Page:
Steel Train, Mae and Arden @ The Ottobar - Baltimore, MD (01.18.07)
I've missed Steel Train anytime they've whirled through this part of town, and I've always intentionally disregarded Mae. Arden is a local band I've booked/promoted/seen several times in the past year. Why then did I go to the show? Why then did I waste my time, and why did I spend my Friday night drinking three dollar beers when I could be drinking dollar bottles at the bar by my apartment? Because I've heard that Steel Train is just one of the best bands you could see live, and I've heard this from all walks of music-fan life. Credibility comes in repetition, and you can't throw out claims as such unless you experience them for yourself.
The Ottobar - That was all a bit brash. Let me preface and rewind - I love The Ottobar. It's one of Baltimore smaller venues, but it's well-known and respected for its wide variety of anything underground. The downstairs bar is in a different section of the room than the show area so that socializing isn't a strained exercise. And, being short, seeing is never a problem, which I will forever be grateful for, especially after a billion shows at Recher Theatre. All this on the table, any show at Ottobar isn't going to be bad, and this Friday night was just in line with my high standards. So I answer this question again - why did I go to the show? It's because it's The Ottobar, and because of that, I knew my night would be worthwhile.
Arden - This local band draws easy comparisons to Paramore or Meg & Dia, and likely so. I wouldn't expect anything less from a band that has a female-fronted singer, especially one that croons chorus-high, verse-low hooks in front of simple pop-rock melodies. Singer Laurie's got a good, strong disposition, and her recently-rearranged lineup seems to be working well, but the additional keyboard parts were distracting and forced. News update? Drop the extra instruments; you won't fool this crowd. Arden is best when capturing Laurie's raw essence and with fresh sprigs of lines and melodies, this band could have something dangerously catchy on their hands. For now, they are still performing in the lobby level.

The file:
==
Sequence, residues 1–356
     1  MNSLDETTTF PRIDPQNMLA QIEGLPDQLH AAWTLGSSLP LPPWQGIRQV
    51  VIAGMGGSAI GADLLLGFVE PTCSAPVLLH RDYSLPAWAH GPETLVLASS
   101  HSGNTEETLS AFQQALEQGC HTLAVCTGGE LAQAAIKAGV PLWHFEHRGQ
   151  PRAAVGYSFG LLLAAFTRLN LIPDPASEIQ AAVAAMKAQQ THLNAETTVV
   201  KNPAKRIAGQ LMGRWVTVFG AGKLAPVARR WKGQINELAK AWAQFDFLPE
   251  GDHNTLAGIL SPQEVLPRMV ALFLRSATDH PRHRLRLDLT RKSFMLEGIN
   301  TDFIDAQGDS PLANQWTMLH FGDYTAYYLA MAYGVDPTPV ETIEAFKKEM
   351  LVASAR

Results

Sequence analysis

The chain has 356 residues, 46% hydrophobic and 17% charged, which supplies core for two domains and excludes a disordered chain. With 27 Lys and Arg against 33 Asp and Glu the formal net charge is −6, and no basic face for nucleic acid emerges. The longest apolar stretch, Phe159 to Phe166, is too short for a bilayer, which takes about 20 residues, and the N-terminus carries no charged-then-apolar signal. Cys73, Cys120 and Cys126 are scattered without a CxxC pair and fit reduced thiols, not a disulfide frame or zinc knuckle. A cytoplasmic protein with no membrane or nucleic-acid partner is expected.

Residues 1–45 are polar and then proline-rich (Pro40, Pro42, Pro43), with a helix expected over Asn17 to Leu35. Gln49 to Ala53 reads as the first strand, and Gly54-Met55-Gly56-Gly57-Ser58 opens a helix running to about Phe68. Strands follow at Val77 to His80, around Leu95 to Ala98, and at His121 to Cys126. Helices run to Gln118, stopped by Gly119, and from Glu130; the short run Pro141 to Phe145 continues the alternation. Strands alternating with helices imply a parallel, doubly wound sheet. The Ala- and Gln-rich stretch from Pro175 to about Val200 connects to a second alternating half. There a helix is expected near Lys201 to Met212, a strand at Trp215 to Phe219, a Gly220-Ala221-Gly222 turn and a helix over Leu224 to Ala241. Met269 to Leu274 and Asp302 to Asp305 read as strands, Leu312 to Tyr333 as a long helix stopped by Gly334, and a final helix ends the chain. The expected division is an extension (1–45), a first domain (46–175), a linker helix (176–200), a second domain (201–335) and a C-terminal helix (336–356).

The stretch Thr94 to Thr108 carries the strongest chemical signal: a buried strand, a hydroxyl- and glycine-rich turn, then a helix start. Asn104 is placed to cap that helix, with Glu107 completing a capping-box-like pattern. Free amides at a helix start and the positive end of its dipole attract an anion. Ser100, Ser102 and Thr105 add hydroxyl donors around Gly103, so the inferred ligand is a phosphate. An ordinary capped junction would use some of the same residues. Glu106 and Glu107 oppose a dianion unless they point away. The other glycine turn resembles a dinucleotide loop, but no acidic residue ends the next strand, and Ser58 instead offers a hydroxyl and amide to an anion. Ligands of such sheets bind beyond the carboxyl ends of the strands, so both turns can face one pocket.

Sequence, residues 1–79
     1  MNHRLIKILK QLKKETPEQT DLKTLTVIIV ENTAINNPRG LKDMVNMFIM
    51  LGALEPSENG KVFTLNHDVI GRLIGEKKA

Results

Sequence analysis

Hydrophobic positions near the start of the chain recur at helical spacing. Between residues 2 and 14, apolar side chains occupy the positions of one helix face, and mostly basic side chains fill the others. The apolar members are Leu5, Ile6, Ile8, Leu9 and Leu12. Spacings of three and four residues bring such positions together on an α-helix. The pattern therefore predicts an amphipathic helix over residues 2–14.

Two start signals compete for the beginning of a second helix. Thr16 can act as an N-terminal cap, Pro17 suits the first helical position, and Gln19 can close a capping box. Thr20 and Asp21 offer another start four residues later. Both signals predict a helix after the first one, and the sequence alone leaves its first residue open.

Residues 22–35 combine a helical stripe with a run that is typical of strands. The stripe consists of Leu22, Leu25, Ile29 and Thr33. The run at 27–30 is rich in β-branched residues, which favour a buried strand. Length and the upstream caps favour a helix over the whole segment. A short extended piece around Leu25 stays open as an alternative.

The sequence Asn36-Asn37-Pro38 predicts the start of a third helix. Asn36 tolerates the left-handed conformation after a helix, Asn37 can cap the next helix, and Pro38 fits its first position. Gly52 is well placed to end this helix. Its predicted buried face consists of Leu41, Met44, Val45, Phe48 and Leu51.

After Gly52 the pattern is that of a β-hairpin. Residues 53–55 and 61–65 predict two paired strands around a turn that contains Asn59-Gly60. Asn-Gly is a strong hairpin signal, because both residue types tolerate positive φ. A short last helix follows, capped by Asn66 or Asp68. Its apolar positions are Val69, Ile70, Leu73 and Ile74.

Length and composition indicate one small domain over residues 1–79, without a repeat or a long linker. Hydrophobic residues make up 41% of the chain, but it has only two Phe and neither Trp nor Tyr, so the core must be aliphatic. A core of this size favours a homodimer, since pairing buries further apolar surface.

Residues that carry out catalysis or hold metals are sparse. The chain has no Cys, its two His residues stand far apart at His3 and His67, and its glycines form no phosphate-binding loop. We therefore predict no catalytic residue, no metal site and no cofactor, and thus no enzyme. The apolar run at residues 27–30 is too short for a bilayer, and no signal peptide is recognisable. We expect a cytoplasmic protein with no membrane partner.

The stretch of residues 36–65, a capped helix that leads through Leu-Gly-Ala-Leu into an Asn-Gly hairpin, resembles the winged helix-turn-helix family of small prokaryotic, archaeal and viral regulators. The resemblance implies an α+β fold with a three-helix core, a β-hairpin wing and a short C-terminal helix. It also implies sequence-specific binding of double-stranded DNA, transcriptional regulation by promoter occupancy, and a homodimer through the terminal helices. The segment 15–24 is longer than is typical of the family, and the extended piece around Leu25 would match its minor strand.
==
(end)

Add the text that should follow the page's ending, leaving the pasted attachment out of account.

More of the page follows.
Steel Train - Moment of truth? I've never been into Steel Train, barely listened to their previous albums, and this is probably because the were on Drive-Thru; I assumed Drive Thru didn't have any artistic integrity (anymore) and/or only signed bands destined to suck/fail. Trampoline was the first Steel Train album that gained significant recognition in my listening habits, admittingly. I feel an asshole telling you this. Moreso, I feel like an asshole for never taking the chance to see them live, because - and I cannot stress this enough - I was blown away. As a unit, they were tight and cohesive. As individuals, they were passionate and careful to detail. As band, they played as though they cared about their music, and that the only life that exists for them was on that stage and with those instruments in hand. This is inspiring, their set was inspiring. Singer Jack Antonoff was spirited and engaging, and the rest of the band looked thrilled to be on stage. The positive energy stocked the room so that the rest of the crowd was fully attentive and bobbling around to the beat. That night, at The Ottobar, Steel Train was entrancing.
Mae - I've seen Mae before a few times, and it's been a guaranteed boredom. I've even seen singer Dave Elkins do a solo acoustic thing, which was still just boring. I adored Destination:Beautiful, so this doesn't have to do with a lack of talent, but my bland approach to the last two albums didn't help me get pumped. The band was tight and smooth as a group, but lacked the real spark of interest like Steel Train. Besides Elkins, the rest of the band appeared gravely bored. The core crowd, a solid 20-30 kids, were singing along and trying to crowd surf, yet the band was impartial. This was discouraging. I've always believed that a crowd makes half the show; if a band can't feed off their fans and look mildly entertained by the audience participation, they might as well stay in the studio. Elkins has two mics, one that set out a echo-y, metallic vocal effect that was more annoying than interesting. If I wanted to hear your robot voice, I would listen to your album. They played good bits from all three full-lengths - a good balance - but most importantly, they played "This Time is the Last Time," highlighting good 'ol mp3.com reminiscing.
All around, a great night and well worth the bar tab. But this would not have been as priceless without Steel Train, who easily stole the show. Morale of the story: see this band. Or if you already have, see them again. And go to more shows at The Ottobar. Never been before? Send me a PM - we'll go together.